Effectiveness of Drugs Used To Treat Parkinson's Disease In Early, Later Stages Measured

Denver, Colo. – The use of different medications during early versus later stages of Parkinson''s disease is critical to managing symptoms - and perhaps the progression - of the disease, according to two studies presented at the 54th Annual Meeting of the American Academy of Neurology. The main pathologic and biochemical characteristic of Parkinson''s disease is the selective cell death of dopaminergic neurons in the midbrain area called substantia nigra and marked decrease in dopamine neurotransmitter produced by these neurons. In both studies, one that was conducted with pramipaxole and the other with ropinirole, the dopamine agonists slowed the rate of dopaminerergic degeneration after initial treatment. In one of the studies, conducted by the Parkinson Study Group and led by investigators at the Institute for Neurodegenerative Disorders in New Haven, Conn., the rate of this dopaminergic degeneration after early treatment with the drugs pramipexole and levodopa, administered to 82 early Parkinson''s patients, was compared using brain imaging. "Our data suggest that patients initially treated with pramipexole experience a significantly slower rate of loss of dopaminergic neuronal functioning compared to those treated with levodopa," said study author Kenneth Marek, MD. "While there remains debate about treatment for early Parkinson''s disease -- and all treatment should be individualized to meet the needs of the patient - this study adds important new information to the growing body of knowledge on the early treatment of Parkinson''s disease." This study was supported by Pharmacia Corporation and Boehringer Ingelheim. The other study, conducted by a multi-center group headed by David J. Brooks, MD, DSc, FRCP, Professor of Neurology at the Imperial College School of Medicine in London, showed significantly slower disease progression in PD patients taking ropinirole compared with L-dopa. In addition, a significantly lower incidence of dyskenesias was seen in patients taking ropinirole. "This is a very exciting breakthrough," said Brooks. "Two studies with a very different design, using imaging to examine dopamine nerve function, have both shown that relative to levodopa, dopamine agonists slow disease progression by a third and delay complications. The results strongly support the early use of dopamine agonists in Parkinson''s disease." GlaxoSmithKline supported the study.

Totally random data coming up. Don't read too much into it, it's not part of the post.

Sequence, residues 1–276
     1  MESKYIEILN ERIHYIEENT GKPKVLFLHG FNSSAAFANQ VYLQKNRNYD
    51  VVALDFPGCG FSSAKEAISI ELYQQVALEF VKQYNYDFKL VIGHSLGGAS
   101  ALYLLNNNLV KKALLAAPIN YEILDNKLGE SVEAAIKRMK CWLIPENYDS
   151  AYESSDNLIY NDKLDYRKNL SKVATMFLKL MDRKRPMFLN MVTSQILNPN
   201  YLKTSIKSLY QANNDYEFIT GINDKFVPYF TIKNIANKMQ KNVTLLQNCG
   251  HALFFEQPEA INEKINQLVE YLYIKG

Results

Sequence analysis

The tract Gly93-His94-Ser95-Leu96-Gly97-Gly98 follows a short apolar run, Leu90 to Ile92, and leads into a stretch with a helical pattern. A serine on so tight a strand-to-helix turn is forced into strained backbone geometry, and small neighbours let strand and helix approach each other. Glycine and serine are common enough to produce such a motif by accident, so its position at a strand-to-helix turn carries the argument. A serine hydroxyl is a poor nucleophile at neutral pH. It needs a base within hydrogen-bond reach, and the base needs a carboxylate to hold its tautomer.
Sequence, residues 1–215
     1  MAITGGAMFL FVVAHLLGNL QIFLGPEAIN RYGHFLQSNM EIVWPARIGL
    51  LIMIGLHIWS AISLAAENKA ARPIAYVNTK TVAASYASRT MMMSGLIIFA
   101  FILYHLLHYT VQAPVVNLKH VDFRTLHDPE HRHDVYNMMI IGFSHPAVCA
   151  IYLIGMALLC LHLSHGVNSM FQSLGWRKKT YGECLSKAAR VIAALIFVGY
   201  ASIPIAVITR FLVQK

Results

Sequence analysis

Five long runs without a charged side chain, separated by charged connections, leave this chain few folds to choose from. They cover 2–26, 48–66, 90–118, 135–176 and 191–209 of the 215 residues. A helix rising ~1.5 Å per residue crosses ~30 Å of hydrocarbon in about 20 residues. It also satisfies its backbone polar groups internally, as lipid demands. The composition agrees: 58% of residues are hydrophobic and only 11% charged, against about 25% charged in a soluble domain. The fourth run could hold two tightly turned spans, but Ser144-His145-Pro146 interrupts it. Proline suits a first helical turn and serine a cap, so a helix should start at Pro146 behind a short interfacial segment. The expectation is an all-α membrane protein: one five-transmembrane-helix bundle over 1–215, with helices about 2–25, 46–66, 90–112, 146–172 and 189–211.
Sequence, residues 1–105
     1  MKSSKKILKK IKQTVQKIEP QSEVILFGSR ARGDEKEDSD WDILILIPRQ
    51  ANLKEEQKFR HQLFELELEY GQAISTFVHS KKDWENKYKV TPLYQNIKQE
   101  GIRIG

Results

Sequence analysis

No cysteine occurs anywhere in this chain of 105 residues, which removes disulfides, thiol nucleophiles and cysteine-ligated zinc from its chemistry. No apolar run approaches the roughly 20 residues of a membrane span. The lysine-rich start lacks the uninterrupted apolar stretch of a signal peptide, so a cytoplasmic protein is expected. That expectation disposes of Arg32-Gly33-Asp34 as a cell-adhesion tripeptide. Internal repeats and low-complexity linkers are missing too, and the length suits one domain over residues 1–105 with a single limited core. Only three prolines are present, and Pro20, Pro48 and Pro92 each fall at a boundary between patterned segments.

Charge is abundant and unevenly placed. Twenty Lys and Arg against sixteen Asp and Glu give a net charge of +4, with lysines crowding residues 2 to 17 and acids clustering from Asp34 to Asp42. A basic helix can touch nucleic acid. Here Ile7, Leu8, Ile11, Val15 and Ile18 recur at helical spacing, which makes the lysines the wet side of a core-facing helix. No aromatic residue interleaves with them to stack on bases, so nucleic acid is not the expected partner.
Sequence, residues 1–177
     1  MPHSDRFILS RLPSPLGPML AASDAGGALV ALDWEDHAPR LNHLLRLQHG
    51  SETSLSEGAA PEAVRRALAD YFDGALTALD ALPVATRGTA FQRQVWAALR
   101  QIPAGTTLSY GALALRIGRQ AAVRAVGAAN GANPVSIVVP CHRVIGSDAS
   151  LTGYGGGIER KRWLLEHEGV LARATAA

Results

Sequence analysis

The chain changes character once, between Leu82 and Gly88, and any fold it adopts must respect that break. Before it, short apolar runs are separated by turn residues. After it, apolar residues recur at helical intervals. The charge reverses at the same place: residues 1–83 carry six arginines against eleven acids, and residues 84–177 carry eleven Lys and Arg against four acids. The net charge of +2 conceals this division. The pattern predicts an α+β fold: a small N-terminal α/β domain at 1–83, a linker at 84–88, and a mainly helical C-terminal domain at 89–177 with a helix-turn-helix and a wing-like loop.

The American Academy of Neurology is the world's largest association of neurologists and neuroscience professionals, with 34,000 members. The AAN is dedicated to promoting the highest quality patient-centered neurologic care. A neurologist is a doctor with specialized training in diagnosing, treating and managing disorders of the brain and nervous system such as Alzheimer's disease, stroke, migraine, multiple sclerosis, concussion, Parkinson's disease and epilepsy.

For more information about the American Academy of Neurology, visit AAN.com or find us on Facebook, Twitter, LinkedIn and YouTube.

Editor's Notes:Both studies will be presented during a platform presentation on Tuesday, April 16, 2002 beginning at 2:00 p.m. in Room A 207/9 of the Colorado Convention Center.


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